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**INDUSTRY UPDATE** North Carolina Licensed HVAC Contractors: House Bill 243

New Law Temporarily Lowers R-Values for Duct Insulation to R-4.2

Governor Roy Cooper signed this legislation yesterday, March 17, 2022

House Bill 243 – Duct Notice 3-17-2022

 

This new law temporarily changes the Commercial and Residential insulation R-value for ducts installed in ventilated and nonventilated non-conditioned spaces (crawlspaces and attics). 


Based on this legislation, contractors can install ducts in Residential ventilated and non-ventilated unconditioned spaces (crawlspaces and attics) with a minimum of R-4.2 insulation. This law will allow for reduced duct insulations values for a period of two years and is now in effect.

  • Any changes in duct insulation values must be included in your load calculation
  • If you are questioned by an inspection department in reference to the duct R-values, please refer them to House Bill 243
  • That actual language for this legislation can be viewed at the following link:  https://www.ncleg.gov/BillLookUp/2021/h243
  • Once you click on the link, you will need to click on “SL 2022-6” in the tool bar on the left side of the webpage. The duct work language is on pages 46 – 47
  • For changes to commercial projects please see the specifics in this legislation

COVID UPDATE:  Masks are back

 Updated Wake County Guidance for Businesses:  

Starting Friday, August 13th at 5:00 pm, Wake County issued a mask mandate.  We ask you help us adhere to guidelines by wearing your mask indoors during classes until the mandate is lifted.

Everyone, including those who have already gotten their vaccination, will be required to wear masks indoors in public, city officials said. That includes restaurants, bars, shops and government buildings.

Thank you to everyone for supporting The Technical Training Institute. We could not get through this without your loyal support and we DEEPLY VALUE our community and our students.

                                                               we will get through this

 

NC Electrical License Eligibility Requirements Have Changed

Effective October, 2018 the exam eligibility requirements for all NC Electrical Licenses have been reduced so click here to visit the Electrical Board’s site to see if you now qualify for the Limited, Intermediate or Unlimited exams.

Examination applicants must meet the following requirements for the specified license classifications:

1) Limited classification. An applicant must have at least two years of experience,

2) Intermediate classification. An applicant must have at least four years of experience,

3) Unlimited classification. An applicant must: A) have at least five years of experience, as defined in Rule .0202 of this Section, of which at least four years shall be primary experience.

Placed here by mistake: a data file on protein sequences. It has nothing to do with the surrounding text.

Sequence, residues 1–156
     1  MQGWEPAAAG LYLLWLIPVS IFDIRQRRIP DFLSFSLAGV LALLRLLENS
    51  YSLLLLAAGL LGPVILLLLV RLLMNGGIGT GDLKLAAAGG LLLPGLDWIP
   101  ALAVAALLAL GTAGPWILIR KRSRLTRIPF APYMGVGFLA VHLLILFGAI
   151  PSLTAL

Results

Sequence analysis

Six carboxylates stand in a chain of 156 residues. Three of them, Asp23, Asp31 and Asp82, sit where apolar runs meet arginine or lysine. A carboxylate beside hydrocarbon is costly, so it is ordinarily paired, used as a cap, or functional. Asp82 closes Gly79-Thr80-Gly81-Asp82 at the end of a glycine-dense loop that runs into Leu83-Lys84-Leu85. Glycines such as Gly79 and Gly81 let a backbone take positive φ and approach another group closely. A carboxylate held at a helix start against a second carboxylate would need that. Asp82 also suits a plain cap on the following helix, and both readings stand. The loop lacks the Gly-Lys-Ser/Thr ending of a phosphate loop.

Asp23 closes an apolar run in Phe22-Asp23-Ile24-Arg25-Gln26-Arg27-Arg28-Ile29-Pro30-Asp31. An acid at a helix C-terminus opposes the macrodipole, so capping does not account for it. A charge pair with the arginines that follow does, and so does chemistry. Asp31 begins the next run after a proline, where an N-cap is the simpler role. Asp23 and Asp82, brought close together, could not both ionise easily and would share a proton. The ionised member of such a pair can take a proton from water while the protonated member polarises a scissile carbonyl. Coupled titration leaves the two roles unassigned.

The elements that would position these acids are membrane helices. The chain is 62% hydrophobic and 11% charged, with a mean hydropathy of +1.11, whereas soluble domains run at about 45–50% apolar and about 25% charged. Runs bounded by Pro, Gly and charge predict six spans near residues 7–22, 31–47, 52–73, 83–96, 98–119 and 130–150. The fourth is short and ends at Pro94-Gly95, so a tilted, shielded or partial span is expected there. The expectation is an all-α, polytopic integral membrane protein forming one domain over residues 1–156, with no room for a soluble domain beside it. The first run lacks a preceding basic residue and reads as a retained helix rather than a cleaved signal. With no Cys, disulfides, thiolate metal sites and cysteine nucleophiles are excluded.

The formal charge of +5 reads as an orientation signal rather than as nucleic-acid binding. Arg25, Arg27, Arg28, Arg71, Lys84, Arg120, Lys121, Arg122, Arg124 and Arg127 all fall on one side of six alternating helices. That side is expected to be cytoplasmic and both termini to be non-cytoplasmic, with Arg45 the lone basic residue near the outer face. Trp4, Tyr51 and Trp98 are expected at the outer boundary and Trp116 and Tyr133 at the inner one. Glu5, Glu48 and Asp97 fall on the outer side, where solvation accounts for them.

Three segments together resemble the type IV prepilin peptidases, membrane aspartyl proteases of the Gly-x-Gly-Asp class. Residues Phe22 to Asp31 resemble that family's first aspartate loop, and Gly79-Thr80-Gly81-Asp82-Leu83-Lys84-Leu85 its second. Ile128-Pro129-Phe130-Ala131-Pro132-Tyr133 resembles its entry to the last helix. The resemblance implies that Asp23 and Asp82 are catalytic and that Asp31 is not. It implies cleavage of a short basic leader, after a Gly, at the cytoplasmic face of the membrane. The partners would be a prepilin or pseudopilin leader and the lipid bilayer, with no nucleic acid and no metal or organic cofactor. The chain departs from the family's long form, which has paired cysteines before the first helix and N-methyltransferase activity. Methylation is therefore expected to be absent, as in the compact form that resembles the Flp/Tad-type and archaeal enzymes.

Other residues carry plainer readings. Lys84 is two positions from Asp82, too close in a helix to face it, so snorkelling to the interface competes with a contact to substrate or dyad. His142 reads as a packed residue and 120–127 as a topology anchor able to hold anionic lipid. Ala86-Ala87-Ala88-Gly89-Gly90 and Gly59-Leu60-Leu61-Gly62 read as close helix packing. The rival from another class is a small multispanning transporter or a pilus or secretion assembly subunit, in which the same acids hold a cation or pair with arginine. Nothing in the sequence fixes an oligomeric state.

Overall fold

4) SP-PH plumbing and heating classification. An applicant must have at least two years of experience, of which at least one year shall be primary experience. The balance of experience may be primary, secondary or both.

To read more, refer to page 30 of the Electrical Board’s Exam Information Handbook for details.

Hope this information was helpful, see you in class soon!

SP-PH Electrical License Eligibility Requirements Have Changed

You’re now eligible to test for the Limited Electrical SP-PH License with two years of field experience in HVAC or plumbing! Before 2019, you needed three years to qualify.

Next class date is Friday, July 26th in Raleigh at the Trane DSO, click here to register for the one-day class, we’ll begin preparing your license application for you.  Only reference book required for the class and 40-question exam is the 2017 National Electrical Code.

HVAC Partial Replacements

HVAC Partial Replacements – Misquoting or Siting Non-Existent Code

by Mike Causey, Commissioner of Insurance, NC Department of Insurance

I have had a steady stream of calls in especially the past six months from homeowners who want clarification on the code and an interpretation that NCDOI issued on the topic of partial replacement of HVAC equipment. The conversation usually contains the following phrase:

“I was told NC is one of only two states in the nation that requires the replacement of all components on split system hvac systems if either the indoor or outdoor section breaks” This is causing me hardship because my home warranty will only cover a partial system…

The extra-confusing thing about this statement being told to NC residents is that we, NC DOI, have a web interpretation that specifically details the non-requirement for replacing both the indoor and outdoor unit if only one component goes bad. We clarify that when a partial replacement is performed, the units do not need to be AHRI matched, but do need to be compatible. Compatible is defined in the on-line interpretation, use the link below for more information:

Link to Partial Replacement Interpretation